The Global Business (GBUS) major explores the intersection of the private sector (especially the multi-national corporation) with international affairs. The economic, political, and financial institutions of today are all global and interconnected. Working within these organizations, and understanding these organizations, requires exceptional communication skills. The School of Foreign Service (SFS) has understood the centrality of communication since its inception. In addition to the university-wide requirements of a Writing and Culture class (WRIT 015), and a Humanities course (HALC), SFS also mandates a rigorous modern foreign language requirement, political and economic coursework, and cross-cultural proficiencies.
No communication skill is more central than that of writing. The rise of modern civilizations can be traced to, among other things, a system of writing. Large multi-national corporations, entrepreneurs, government agencies, and other non-state actors communicate primarily through the written word, and Global Business students are expected to graduate ready to participate in these conversations. Students must thus learn to think critically and communicate what they learn effectively. This requires being able to formulate meaningful questions, find information that will inform questions, evaluate information sources, effectively synthesize and analyze information, and present findings to varied audiences.
Modes of communication that Global Business students are expected to master during the course of completing the major include discussion and debate, oral presentation, and advanced level writing. The GBUS major seeks to help students build these communication competencies throughout the curriculum.
From the start, students are challenged with the complexities of international business and are required to synthesize these issues in writing. Subsequent semesters delve deeper into the organization, management, financing, delivery, and politics of business. They also require written reviews of the literature, data analysis, the development of positions, and ultimately the ability to define central questions.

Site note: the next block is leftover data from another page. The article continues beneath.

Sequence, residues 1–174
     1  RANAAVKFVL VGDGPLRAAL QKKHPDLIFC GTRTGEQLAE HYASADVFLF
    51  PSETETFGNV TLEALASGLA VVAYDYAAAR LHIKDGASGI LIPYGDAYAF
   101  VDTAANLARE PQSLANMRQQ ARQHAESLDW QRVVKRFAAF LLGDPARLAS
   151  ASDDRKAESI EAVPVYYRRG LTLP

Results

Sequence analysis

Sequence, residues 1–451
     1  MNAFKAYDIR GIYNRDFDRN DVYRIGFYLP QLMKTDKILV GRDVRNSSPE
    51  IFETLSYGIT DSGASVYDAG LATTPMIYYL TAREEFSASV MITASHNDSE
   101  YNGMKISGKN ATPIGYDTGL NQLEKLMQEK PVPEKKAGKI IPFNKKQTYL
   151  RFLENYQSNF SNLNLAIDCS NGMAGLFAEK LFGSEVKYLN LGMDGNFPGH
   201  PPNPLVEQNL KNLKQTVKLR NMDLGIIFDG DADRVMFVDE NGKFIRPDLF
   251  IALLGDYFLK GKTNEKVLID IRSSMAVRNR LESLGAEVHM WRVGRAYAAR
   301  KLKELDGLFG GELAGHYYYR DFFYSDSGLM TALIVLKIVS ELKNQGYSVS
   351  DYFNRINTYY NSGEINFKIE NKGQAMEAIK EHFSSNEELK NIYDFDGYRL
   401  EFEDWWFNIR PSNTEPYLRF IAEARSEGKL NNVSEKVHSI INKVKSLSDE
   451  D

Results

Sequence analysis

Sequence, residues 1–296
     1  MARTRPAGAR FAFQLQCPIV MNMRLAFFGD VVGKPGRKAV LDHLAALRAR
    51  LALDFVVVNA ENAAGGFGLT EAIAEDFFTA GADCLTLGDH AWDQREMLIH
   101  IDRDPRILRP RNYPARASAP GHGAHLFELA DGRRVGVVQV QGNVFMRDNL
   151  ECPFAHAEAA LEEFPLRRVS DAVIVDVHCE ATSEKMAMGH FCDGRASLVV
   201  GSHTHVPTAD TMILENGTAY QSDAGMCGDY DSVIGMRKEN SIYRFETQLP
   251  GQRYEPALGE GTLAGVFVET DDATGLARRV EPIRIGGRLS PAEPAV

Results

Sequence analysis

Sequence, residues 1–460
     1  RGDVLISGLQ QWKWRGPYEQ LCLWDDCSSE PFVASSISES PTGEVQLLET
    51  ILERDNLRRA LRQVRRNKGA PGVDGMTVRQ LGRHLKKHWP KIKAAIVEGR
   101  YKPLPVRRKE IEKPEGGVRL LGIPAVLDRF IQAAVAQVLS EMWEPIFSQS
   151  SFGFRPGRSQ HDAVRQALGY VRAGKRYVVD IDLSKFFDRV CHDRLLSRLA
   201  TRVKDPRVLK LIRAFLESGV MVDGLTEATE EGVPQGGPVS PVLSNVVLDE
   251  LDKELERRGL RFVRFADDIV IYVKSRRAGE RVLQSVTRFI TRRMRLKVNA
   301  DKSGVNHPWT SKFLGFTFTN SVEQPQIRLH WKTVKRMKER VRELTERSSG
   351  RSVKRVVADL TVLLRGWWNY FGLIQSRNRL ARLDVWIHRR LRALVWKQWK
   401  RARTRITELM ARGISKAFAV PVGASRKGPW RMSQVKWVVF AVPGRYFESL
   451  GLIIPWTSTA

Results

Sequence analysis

Written assignments include memoranda, policy briefs, annotated bibliographies, literature reviews, argumentative and persuasive essays, case study analyses and research papers. Formal presentations include leading seminars, formal lectures, and poster presentations.
All Global Business students will participate in an International Business Core class. In these courses, students learn to develop well researched academic essays in which they explore complex ideas and present written arguments supporting their position.
In their business core and quantitative classes students learn to summarize information from various data sources, critique published research findings, and present complex industry-specific material.
Once they have completed core coursework, students move into more advanced supporting courses. In these upper-level courses, students deepen their analytical writing in supporting courses where they produce written material in which they compare and contrast two or more ideas, further developing their skills in making succinct and cogent written arguments. These courses all include advanced industry-specific writing components, ranging from one-page policy briefs and executive memos to extensive reviews of the literature and research papers.
Students in the Honors Program have the option to write and defend a senior thesis, conduct extensive literature reviews and complete a formal research paper.